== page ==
Constructors

index
BASIC

A constructor is a bit of code that allows you to create objects from a class. You call the constructor by using the keyword new, followed by the name of the class, followed by any necessary parameters. For example, if you have a Dog class, you can create new objects of this type by saying new Dog().

The syntax for a constructor is:

access NameOfClass(parameters) {
        initialization code
    }

where

The term "constructor" is misleading since, as soon as you enter the constructor, the new object has actually been created for you. The job of the constructor is to ensure that the new object is in a valid state, usually by giving initial values to the instance variables of the object. So a "constructor" should really be called an "initializer."

Every class has at least one constructor. There are two cases:

  1. If you do not write a constructor for a class, Java generates one for you. This generated constructor is called a default constructor. It's not visible in your code, but it's there just the same. If you could see it, it would look like this (for the class Dog):
         public Dog() { }
    Notice that this default constructor takes no arguments and has a body that does nothing.
  2. If you do write a constructor for your class, Java does not generate a default constructor. This could be a problem if you have pre-existing code that uses the default constructor.
Note: Some textbooks refer to any no-argument constructor as a "default constructor." This is wrong. The default constructor is the one Java provides by default. Anything you write explicitly is not a default.

Example constructors:

class Dog extends Animal {
    String name;
    String breed;
  
    // first constructor
    public Dog(String s) {
        name = s;
        breed = "unknown";
    }
 
    // second constructor
    public Dog(String name, String breed) {
        this.name = name;
        this.breed = breed;
    }
}

To avoid having to use different names for the same thing, the second constructor uses a simple trick. The parameter names are the same as the names of some instance variables; to distinguish the two, this.variable refers to the instance variable, while variable refers to the parameter. This naming convention is very commonly used.

INTERMEDIATE

It is poor style to do the same work in more than one place. Hence, if you have more than one constructor, it is common for one to do most of the work, and for others to just call that one.

To call one constructor from another in the same class, you use the syntax this(parameters); -- this must be the first thing you do in the constructor. For example, you might rewrite the first Dog constructor above to call the second Dog constructor, as follows:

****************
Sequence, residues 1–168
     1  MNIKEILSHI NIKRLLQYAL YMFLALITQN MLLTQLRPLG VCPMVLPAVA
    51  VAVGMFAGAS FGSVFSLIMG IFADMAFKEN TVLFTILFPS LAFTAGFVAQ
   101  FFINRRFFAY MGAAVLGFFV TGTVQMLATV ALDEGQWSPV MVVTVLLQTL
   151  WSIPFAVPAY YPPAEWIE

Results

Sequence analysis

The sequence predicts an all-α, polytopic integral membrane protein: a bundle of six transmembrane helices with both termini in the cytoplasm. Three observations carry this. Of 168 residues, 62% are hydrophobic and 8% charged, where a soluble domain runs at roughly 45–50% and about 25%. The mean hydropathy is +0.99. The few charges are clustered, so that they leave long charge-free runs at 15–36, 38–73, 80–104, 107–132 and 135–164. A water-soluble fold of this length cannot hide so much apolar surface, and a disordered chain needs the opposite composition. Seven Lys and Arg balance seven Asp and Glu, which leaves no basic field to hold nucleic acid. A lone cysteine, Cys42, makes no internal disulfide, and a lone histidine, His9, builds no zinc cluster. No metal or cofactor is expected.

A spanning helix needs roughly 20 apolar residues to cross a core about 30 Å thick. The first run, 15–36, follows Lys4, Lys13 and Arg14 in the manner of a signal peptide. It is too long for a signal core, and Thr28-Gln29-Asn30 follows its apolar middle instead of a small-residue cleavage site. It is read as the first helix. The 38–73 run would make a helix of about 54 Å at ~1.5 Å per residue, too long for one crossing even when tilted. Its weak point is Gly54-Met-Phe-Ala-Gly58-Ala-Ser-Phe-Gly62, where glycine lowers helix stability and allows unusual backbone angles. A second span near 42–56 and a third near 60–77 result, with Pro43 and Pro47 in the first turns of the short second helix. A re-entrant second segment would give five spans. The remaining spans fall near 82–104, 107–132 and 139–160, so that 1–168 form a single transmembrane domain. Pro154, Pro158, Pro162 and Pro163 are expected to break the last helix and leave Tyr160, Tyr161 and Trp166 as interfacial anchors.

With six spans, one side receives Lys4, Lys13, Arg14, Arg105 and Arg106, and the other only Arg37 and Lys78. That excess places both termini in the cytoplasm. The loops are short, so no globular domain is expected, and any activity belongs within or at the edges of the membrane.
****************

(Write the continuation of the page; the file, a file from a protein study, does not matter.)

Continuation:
// first constructor
public Dog(String name) {
    this(name,"unknown");
    // additional code, if needed, can go here
}

Unless a constructor begins by explicitly calling some other constructor, the first thing it does is to call the default constructor for its superclass. Hence, if class Dog extends Animal, and class Animal extends LivingThing, and class LivingThing extends Object , then when you create a new Dog,

  1. The Dog constructor calls the Animal constructor,
  2. The Animal constructor calls the LivingThing constructor,
  3. The LivingThing constructor calls the Object constructor,
  4. The Object constructor creates a new Object, with all the fields and methods of an Object, and returns it to the LivingThing constructor,
  5. The LivingThing constructor adds to this Object the fields and methods of a LivingThing, gives them initial values, and returns this new LivingThing to the Animal constructor,
  6. The Animal constructor adds to this LivingThing the fields and methods of a Animal, gives them initial values, and returns the new Animal to the Dog constructor,
  7. The Dog constructor can now do any further desired initialization.

It is important to notice that unless you explicitly say otherwise, a constructor calls the default constructor for its superclass. You can use this(parameters); to call some other constructor in the same class, or you can use super(parameters); to explicitly call some particular constructor in the superclass.

ADVANCED

Whenever a constructor is called, an object of that class will be created. If you want more control over when objects may be created, you can declare your constructors to be private. To get to the constructor, you would call a static method within the class, and this static method can then decide what to do about the request for a new object. For example:

class Controlled {
    private Controlled(args) {
        ...
    }
    public static Controlled create(args) {
        if (/* some conditions */) return new Controlled(args);
        else return null;
    }
}

Such a method is called a factory method.